Swine Wave

carroll pig puzzle

A bewildering puzzle by Lewis Carroll: Place 24 pigs in these sties so that, no matter how many times one circles the sties, he always find that the number in each sty is closer to 10 than the number in the previous one.

Click for Answer

The Sincerest Form

Excerpt from Beer in the Sergeant Major’s Hat, a parody found in Raymond Chandler’s notebook:

Hank went into the bathroom to brush his teeth.

‘The hell with it,’ he said. ‘She shouldn’t have done it.’

It was a good bathroom. It was small and the green enamel was peeling off the walls. But the hell with that, as Napoleon said when they told him Josephine waited without. The bathroom had a wide window through which Hank looked at the pine and larches. They dripped with a faint rain. They looked smooth and comfortable.

‘The hell with it,’ Hank said. ‘She shouldn’t have done it.’

He opened the cabinet over the washbasin and took out his toothpaste. He looked at his teeth in the mirror. They were large yellow teeth, but sound. Hank could still bite his way for a while.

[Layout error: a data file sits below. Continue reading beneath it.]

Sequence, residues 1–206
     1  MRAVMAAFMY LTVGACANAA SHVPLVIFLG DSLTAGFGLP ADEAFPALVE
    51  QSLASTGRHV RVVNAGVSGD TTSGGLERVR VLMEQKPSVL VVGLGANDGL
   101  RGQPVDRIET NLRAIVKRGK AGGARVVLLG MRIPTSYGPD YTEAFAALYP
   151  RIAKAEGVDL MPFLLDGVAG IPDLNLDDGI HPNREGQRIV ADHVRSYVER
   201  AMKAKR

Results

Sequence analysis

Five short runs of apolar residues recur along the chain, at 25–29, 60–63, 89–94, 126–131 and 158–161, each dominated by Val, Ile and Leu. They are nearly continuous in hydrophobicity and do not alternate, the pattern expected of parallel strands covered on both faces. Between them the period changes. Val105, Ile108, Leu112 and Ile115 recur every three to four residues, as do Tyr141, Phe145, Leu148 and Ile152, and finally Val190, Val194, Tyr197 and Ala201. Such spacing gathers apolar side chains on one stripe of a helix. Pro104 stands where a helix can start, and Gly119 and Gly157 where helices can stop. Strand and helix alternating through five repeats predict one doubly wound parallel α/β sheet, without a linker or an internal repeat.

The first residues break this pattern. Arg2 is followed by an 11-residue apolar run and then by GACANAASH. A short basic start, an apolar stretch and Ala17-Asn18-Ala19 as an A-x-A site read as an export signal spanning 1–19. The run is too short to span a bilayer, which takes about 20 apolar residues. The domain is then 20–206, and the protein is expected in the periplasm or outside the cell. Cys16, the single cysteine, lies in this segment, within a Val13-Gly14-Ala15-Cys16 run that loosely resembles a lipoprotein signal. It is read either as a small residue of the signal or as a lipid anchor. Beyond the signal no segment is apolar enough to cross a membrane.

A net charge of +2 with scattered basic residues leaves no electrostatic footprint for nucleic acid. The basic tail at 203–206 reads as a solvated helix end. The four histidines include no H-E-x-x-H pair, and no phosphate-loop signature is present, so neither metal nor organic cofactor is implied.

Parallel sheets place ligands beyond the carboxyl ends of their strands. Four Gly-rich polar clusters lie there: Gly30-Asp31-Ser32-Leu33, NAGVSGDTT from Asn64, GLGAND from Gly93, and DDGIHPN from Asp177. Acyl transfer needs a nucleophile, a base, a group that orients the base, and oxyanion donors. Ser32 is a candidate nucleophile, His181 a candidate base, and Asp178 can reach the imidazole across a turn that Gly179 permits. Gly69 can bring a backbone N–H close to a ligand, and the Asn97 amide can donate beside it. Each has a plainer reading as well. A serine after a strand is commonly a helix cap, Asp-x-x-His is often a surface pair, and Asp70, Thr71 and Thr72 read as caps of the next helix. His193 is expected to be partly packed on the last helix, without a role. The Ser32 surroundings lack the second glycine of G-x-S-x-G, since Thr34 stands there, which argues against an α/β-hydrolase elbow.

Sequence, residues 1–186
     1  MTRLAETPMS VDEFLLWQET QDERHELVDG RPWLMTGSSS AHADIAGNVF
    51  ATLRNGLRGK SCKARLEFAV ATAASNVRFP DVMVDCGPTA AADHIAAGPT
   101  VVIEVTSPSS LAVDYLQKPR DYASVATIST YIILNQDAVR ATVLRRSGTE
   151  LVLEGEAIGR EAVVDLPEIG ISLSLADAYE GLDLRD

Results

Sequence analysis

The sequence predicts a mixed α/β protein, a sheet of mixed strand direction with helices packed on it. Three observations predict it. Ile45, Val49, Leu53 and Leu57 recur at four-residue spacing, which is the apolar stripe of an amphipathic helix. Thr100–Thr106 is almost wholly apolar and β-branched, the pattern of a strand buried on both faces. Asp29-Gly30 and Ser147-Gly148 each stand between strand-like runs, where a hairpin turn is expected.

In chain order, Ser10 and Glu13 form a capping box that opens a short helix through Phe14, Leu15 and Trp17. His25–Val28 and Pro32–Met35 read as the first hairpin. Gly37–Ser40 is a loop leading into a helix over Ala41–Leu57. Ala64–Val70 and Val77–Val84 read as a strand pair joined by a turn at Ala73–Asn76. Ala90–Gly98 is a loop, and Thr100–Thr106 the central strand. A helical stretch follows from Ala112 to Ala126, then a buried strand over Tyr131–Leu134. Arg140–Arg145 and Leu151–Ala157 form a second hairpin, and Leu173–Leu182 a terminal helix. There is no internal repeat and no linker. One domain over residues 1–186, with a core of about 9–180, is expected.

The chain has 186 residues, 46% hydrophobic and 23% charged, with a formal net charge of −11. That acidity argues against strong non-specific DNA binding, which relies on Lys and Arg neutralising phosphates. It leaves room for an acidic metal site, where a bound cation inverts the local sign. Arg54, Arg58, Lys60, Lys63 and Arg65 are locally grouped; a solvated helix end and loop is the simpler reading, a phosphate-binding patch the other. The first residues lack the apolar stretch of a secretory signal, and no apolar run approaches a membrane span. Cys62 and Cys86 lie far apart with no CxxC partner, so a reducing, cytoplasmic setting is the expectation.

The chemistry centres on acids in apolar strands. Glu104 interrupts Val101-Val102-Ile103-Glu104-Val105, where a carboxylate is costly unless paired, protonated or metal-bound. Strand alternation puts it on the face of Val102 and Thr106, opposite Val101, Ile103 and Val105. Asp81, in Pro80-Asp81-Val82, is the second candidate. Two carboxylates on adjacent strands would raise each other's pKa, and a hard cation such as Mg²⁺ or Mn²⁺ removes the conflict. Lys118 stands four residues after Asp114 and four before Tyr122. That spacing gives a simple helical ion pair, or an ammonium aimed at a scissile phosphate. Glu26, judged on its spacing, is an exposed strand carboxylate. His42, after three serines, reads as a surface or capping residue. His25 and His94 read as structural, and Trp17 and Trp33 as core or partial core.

Hank unscrewed the top of the toothpaste tube, thinking of the day when he had unscrewed the lid of the coffee jar, down on the Pukayak River, when he was trout fishing. There had been larches there too. It was a damn good river, and the trout had been damn good trout. They liked being hooked. Everything had been good except the coffee, which had been lousy. He had made it Watson’s way, boiling it for two hours and a half in his knapsack. It had tasted like hell. It had tasted like the socks of the Forgotten Man.

‘She shouldn’t have done it,’ Hank said out loud. Then he was silent.

He had written it on Aug. 7, 1932, and dedicated it to “the greatest living American novelist — Ernest Hemingway.”

Rock Music

The stones of Pennsylvania’s Ringing Rocks Park chime like bells when struck with a hammer.

The rocks are a volcanic basalt, but the mechanism of their ringing is not completely understood.

See The Musical Stones of Skiddaw.

In a Word

vecke
n. an old woman

graocracy
n. government by old women

Leviathan

Extract from the log of A.H. Raymer, second officer of the S.S. Fort Salisbury, Oct. 28, 1902, quoted in The Zoologist, January 1903: